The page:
And just like that, he had them backed into a corner.  For one thing, that’s exactly the kind of question that would keep Pharisees and Sadducees arguing forever simply because of their different views about heaven and how God works in the world.  But they had an even more practical problem.  “If we say, ‘From heaven,’ he’ll say, ‘Well thhen why didn’t you believe him?’  But if we say, ‘It’s a human thing,’ we’ll have to deal with the crowd.  They all think John was a prophet.”  So they answered Jesus, “We don’t know.” So Jesus said to them, “Well then I won’t tell you by what authority I am doing what I do.”

But he doesn’t stop there.  While he has their attention he tells them a cryptic little parable.  I say cryptic because it seems pretty simple and clear on the face of it, but really, there’s a lot more depth than meets the eye.  It’s like a Zen koan.  You need to sit with it awhile.  

“What do you think?,” said Jesus. “A man had two sons; he went to the first and said, ‘Son, go and work in the vineyard today.’  He answered, ‘I don’t feel like it’; but later he changed his mind and went.  The father went to the second and said the same; and he answered, ‘Sure, okay’; but he didn’t go.  Which of the two did the will of his father?” They said, “The first.”

For us to more fully appreciate how the people listening to Jesus were hearing this, it probably helps to understand that the minute they heard the word “vineyard” their ears perked up.  “Vineyard” was the image the prophets and rabbis used to talk about Israel. 

So now they’re listening.  We’re listening.  More carefully.  This is a story about us.  One son says he’ll go work in the vineyard but he doesn’t go.  He sounds obedient but he really isn’t.  The other son says he won’t but then he does.  He sounds disobedient, but in the end he does what he was asked.  Where do we fit in this story?  Where do I fit in this story? 

“Which of the two,” asked Jesus, “did the will of his father?” They said, “The first.” Jesus said to them, “Truly I tell you, the tax collectors and the prostitutes are going into the kingdom of God ahead of you.  For John came to you in the way of righteousness and you did not believe him, but the tax collectors and the prostitutes believed him; and even after you saw it, you did not change your minds and believe him.”

Jesus is trying to get these religious leaders, these good, faithful people, to understand that they’ve missed the point of their religion and their faith.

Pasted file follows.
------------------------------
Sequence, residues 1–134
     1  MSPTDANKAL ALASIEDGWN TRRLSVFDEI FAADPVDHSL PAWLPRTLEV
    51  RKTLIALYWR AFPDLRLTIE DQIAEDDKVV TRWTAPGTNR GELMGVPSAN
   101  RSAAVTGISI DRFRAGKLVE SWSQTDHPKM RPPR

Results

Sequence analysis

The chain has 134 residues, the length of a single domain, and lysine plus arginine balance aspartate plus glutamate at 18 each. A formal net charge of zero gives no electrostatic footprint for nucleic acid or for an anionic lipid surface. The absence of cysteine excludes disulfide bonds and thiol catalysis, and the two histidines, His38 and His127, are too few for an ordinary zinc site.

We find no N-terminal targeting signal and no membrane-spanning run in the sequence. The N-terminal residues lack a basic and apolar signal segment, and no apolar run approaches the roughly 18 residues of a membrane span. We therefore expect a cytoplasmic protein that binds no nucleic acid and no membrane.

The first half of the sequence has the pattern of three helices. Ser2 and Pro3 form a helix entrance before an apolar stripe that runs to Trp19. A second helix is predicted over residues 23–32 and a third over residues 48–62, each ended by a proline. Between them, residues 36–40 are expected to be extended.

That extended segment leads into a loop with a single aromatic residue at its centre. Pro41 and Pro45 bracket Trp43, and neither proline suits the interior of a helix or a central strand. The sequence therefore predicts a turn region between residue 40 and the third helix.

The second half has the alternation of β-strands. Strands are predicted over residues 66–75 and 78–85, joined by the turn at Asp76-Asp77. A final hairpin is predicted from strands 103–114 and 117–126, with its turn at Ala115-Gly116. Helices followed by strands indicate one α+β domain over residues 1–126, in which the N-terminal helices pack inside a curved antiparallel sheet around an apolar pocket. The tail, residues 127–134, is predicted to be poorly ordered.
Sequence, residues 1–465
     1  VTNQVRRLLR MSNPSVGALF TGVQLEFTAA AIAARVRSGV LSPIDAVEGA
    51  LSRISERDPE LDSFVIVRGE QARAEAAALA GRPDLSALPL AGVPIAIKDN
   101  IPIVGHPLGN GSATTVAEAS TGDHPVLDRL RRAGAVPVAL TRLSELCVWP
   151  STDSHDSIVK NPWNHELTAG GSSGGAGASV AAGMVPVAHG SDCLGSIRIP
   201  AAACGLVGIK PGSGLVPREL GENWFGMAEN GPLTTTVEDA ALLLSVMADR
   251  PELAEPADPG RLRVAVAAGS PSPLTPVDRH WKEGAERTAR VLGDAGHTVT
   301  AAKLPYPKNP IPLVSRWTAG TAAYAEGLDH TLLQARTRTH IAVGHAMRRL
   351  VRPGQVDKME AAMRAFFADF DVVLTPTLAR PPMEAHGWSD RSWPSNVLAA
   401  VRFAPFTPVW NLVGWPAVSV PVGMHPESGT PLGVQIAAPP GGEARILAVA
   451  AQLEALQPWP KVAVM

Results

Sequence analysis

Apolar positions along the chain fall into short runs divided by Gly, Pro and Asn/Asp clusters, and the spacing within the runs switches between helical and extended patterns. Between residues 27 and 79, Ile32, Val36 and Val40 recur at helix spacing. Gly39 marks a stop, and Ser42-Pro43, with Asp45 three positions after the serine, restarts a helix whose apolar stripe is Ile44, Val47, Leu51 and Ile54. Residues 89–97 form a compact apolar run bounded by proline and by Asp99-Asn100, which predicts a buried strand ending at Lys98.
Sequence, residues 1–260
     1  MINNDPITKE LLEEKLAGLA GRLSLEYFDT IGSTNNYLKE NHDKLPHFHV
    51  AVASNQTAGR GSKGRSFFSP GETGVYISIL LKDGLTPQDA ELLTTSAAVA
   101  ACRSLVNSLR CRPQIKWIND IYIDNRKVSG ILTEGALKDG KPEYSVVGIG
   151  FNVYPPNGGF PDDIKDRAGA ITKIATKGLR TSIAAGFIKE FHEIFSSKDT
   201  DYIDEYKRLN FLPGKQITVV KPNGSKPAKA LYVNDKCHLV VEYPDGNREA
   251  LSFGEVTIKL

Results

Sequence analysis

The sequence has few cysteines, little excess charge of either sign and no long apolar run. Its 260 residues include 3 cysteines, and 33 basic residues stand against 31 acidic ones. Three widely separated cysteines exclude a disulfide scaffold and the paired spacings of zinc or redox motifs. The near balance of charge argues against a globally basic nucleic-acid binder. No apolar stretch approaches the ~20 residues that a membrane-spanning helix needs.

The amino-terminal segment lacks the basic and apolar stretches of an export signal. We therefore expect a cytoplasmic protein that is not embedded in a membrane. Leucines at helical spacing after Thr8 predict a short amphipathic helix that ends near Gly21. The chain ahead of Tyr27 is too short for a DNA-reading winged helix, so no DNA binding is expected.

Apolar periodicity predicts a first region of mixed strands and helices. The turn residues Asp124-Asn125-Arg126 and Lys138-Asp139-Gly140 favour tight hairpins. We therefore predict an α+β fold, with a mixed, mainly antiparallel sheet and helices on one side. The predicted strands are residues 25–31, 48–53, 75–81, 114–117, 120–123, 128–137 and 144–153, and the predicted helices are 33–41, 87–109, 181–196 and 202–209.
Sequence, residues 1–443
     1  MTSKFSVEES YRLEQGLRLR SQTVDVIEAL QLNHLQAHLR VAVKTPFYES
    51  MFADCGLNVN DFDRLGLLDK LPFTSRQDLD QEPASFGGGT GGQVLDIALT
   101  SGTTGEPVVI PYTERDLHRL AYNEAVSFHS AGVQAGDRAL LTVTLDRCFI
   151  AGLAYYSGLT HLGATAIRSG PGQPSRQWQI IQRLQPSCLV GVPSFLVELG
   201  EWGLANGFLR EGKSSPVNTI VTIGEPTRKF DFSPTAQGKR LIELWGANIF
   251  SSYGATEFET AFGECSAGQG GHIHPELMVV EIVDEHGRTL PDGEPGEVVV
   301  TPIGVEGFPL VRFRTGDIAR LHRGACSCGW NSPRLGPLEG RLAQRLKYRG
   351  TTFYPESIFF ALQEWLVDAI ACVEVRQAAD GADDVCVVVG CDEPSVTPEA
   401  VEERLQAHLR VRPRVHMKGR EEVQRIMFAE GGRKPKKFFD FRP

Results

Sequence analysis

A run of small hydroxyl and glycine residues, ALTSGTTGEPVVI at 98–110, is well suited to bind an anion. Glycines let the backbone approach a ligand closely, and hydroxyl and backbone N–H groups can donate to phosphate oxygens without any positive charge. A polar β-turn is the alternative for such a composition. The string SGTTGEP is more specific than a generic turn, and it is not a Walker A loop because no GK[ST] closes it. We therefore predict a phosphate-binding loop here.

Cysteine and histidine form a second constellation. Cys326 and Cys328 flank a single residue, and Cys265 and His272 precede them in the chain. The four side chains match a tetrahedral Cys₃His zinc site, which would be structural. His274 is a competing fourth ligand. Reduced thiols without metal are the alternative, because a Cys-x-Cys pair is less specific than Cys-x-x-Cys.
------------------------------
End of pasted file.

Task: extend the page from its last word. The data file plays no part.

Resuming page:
But they can’t hear him.  They’re distracted by the question of authority.

The Pharisees are deeply vested in their identity as authorities on the law.  Their piety is admirable but burdensome when they try to make others live by their standards.  The Sadducees are deeply vested in their authority as priests  and managers.  They are immersed in all things political and all the power that comes with the temple.  

Jesus is a threat to them.  Would they still have authority in the kin-dom Jesus is proclaiming?  Would they still have status and stature?  Where would they fit in the hierarchy of such a kin-dom?  Would there even be a hierarchy?

For the Pharisees it was their authority as the teachers and religious practitioners that was at stake.  Who would interpret the law?  

These authorities in the temple are so focused on the question of authority that Jesus has to shock them to really be heard.

“Tax collectors and prostitutes,” he says, “the people you despise most, are going into the kingdom of God ahead of you.”  

Do take note:  he says they will be going into the kingdom of God.  Just not at the front of the line.

So much of what they needed to know about God’s vision for the kin-dom was already there for them in their scriptures, in the words of the Torah and prophets.  So much of what Jesus was teaching and sharing was already in their hands, but they had missed it or forgotten it. Instead of working in the vineyard to realize God’s plan for spreading the wealth and prosperity of the land and administering justice and caring for the poor as it was all laid out in Torah and the prophets, they got distracted by other details.  They got lost in the rabbit hole of protecting their positions in life-as-usual and they missed what John and Jesus had been announcing—that the time had come to live life-as-extraordinary, life as envisioned.  They got lost in words and missed the Word.